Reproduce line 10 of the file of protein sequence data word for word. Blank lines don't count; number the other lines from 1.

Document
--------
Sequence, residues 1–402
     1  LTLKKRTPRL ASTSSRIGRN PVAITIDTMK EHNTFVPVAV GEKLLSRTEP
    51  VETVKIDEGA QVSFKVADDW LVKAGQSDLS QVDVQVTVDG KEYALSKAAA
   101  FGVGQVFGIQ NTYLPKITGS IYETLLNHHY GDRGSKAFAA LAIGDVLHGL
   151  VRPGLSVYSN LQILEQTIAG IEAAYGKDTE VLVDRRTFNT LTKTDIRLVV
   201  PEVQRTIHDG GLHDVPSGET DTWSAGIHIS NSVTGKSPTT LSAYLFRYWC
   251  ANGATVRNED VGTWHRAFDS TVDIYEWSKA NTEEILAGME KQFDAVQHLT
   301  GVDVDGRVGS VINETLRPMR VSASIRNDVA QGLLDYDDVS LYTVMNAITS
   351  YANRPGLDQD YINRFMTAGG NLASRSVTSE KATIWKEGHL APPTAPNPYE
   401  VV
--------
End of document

   401  VV